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New Mexican road trip Part 1: Albuquerque

2010.06.30
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After my thesis defense in February, I embarked on a few trips with the goal of seeing as much of the US as possible before my departure in July, the most memorable one of which, is New Mexico. The first stop in New Mexico was Albuquerque and New Mexican weather in spring (I went in early May) was a welcome change from Chicago. It was not too warm, not too cold and the 5,000-feet elevation of Albuquerque gave the air a crisp dryness that I could feel on my skin acutely. It wasn't an entirely bad feeling because throughout the trip, I hardly perspired despite being involved in intense hikes during the middle of the day! However, I did feel distinctly thirsty more often than I did in Chicago :)

One of the hikes we went on was at the Petroglyph National Monument, a park in the western outskirts of Albuquerque. We stopped at the Visitors' Center and were greeted by bunches of dried red chili. Nothing says New Mexico like red chili, does it?
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After obtaining a map and getting a rough idea of the park layout, we hiked on a trail where we spotted numerous Native American petroglyphs (pictorial rock engravings). In the picture above, you can see the outlines of petroglyphs on the rocks I was sitting on or next to.
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Besides the great outdoors (and I mean, really great!), I enjoyed the cuisine in Albuquerque. We had Vietnamese pho the first night and although it's not very New Mexican, it was really really awesome Vietnamese food.

A dish that stuck in my mind is the Acapulco salad at the Flying Star Cafe, a New Mexican cafe chain. It's made of spring mix topped with grilled shrimp, avocado, jicama and diced orange chunks. The combination of ingredients and a citrusy dressing makes for a super refreshing salad that was to die for. And in case you forget, I love love love avocado!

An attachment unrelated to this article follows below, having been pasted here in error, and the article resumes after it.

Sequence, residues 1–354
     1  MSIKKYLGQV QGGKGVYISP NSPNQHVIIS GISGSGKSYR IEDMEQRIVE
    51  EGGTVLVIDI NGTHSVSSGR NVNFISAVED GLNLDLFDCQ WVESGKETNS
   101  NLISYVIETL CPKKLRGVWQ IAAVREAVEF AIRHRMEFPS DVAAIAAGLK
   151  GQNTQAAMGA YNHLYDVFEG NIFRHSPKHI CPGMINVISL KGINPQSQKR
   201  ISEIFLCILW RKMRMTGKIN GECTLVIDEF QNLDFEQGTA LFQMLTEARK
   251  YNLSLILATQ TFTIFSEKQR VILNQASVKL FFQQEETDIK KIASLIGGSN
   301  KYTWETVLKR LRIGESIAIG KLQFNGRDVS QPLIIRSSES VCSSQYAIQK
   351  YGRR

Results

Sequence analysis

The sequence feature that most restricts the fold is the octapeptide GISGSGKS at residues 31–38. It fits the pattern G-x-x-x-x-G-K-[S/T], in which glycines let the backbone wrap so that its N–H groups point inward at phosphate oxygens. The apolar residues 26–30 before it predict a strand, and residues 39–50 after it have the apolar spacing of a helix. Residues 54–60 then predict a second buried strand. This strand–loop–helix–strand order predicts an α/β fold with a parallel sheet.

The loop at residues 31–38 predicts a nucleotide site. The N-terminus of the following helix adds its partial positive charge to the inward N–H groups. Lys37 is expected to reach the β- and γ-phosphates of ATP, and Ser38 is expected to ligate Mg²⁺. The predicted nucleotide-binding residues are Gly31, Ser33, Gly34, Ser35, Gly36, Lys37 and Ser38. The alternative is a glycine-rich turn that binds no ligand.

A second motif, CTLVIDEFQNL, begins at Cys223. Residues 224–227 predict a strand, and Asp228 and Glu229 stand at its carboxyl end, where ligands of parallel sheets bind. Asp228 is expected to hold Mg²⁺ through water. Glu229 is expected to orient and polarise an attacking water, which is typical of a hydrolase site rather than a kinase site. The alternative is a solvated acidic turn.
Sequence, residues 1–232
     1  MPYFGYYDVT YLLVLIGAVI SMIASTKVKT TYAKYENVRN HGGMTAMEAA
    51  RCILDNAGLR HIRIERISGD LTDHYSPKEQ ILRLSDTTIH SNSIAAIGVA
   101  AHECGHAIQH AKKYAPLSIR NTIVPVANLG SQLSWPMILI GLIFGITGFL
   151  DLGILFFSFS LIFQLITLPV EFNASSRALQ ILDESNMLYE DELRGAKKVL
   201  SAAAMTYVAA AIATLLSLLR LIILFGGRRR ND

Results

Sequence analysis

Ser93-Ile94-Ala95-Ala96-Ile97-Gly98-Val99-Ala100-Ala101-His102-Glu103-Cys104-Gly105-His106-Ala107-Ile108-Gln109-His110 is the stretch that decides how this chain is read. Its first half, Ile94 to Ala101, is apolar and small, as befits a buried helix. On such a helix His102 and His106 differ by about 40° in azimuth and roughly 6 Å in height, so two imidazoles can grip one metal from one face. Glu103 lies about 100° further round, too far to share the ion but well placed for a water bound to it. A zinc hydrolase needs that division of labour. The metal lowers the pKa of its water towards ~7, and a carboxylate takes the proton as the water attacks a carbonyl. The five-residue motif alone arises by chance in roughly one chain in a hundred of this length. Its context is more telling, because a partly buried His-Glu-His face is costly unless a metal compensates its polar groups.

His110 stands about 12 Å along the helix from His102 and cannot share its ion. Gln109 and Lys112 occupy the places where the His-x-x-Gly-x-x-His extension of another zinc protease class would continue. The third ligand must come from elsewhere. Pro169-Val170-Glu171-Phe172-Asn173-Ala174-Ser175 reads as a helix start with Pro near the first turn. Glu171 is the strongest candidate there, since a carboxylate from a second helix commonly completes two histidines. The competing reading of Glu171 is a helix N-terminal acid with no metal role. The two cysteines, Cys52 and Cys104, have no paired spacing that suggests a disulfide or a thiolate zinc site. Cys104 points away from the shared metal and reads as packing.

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As if the city of Albuquerque isn't high enough, it is surrounded by many interesting mountain chains (especially interesting for a Chicagoan used to the Midwestern flat plains!). We scaled the Sandia Peak (with a tram of course) and enjoyed breathtaking views of the city. There were so many awesome rock formations throughout Sandia Peak and I couldn't help but feel like this would be such a perfect setting for a fantasy movie.
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Despite what you may expect, Albuquerque isn't entirely a desert. Due to its varying elevation, it enjoys many different climates at once. In the basin that is the city of Albuquerque (which is relatively flat), the climate is like that of a desert: dry and hot in the day, cool at night. However, on the various mountains surrounding the city, it's a more arctic climate, where snow still remains even in early May. We saw so many piles of snow that didn't melt on Sandia Peak; almost enough to ski on!

Up next? Santa Fe, here we come!
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